There was a parade of civilians coming to the hospital looking for their sons and brothers in the army. One group of women from Carlisle appeared looking for their nephew from the 7th Pa Reserves. His name was "Billy Sykes". He was not to be found, and as the orderly checks the ledgers, he finds Billy has been sent off, and he escorts the women to that venue.
Just off to the east about a mile, there is the field office of the Quartermaster General, and his representatives there collecting and handling claims for compensation from the government for damages to personal and private property by the army during the battle. I have heard that Mr. Pry was there, and as a friend to Genl. McClellan, who had is head quarters at the Pry house, Mr. Pry was quickly taken care of. Mr. Mumma, whose house was burned to the ground, was a little more desperate, and then there was Mr. Piper, whose house was behind enemy lines the entire battle got a little heated over his reception.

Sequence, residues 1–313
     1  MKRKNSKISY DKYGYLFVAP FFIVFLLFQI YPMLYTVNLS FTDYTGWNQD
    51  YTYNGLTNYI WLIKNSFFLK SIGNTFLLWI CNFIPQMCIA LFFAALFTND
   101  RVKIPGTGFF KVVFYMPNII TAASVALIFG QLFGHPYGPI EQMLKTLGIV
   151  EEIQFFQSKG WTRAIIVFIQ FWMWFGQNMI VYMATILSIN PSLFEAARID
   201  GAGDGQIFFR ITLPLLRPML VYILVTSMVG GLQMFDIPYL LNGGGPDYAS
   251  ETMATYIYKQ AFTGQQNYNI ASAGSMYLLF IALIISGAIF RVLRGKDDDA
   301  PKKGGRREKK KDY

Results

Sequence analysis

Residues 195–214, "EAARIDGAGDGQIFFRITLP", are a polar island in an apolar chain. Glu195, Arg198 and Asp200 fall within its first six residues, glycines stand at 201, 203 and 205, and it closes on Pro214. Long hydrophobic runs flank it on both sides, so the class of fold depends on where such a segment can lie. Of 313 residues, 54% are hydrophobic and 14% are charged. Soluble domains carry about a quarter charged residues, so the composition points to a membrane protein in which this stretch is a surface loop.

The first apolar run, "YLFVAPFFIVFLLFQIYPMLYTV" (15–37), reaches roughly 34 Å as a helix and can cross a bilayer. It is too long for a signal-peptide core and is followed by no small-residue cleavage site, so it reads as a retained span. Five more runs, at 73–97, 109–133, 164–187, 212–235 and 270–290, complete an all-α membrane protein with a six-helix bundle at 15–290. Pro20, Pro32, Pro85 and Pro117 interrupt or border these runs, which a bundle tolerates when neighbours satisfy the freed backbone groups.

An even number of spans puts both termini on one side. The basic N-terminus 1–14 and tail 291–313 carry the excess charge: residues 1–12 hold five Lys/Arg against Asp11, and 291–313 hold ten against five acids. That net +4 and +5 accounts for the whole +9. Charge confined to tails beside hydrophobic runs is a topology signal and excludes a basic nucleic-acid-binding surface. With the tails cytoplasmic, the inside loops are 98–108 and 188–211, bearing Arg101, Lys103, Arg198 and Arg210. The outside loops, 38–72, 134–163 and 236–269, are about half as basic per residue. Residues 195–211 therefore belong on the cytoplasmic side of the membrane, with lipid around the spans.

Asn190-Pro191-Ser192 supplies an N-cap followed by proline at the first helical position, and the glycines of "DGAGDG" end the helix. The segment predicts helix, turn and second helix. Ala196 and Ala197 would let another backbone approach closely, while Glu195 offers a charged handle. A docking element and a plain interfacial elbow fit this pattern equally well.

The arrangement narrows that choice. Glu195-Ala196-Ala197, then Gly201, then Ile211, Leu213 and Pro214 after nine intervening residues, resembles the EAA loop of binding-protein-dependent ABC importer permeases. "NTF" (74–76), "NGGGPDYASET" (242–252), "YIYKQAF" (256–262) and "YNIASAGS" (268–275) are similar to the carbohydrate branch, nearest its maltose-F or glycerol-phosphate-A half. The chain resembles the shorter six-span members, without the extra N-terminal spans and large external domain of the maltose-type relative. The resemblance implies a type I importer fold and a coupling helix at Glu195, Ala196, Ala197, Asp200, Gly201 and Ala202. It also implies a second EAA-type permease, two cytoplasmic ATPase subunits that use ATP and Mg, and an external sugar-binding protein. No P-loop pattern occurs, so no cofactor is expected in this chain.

All told, we were discharged from the hospital duty, and returned to camp. The moon was full, and casting shadows for a very pleasant evening and night. We were almost ready to turn out the lights, when we were sitting about the campfire. Then the strains of a tin whistle up on the bridge reached our ears, sounding Brahm's Lullaby. The musician sounded away several pieces, hymns, and then played an emotional rendition of Amazing Grace. Every man was silent, turning into each ones soul, studying our hearts, and our feelings for our selfs, our experiences, our friends, our families, and our fallen comrades. When the music stopped, we saw Nathan walk back into the camp, and go to bed. But not without a hearty handshake or two.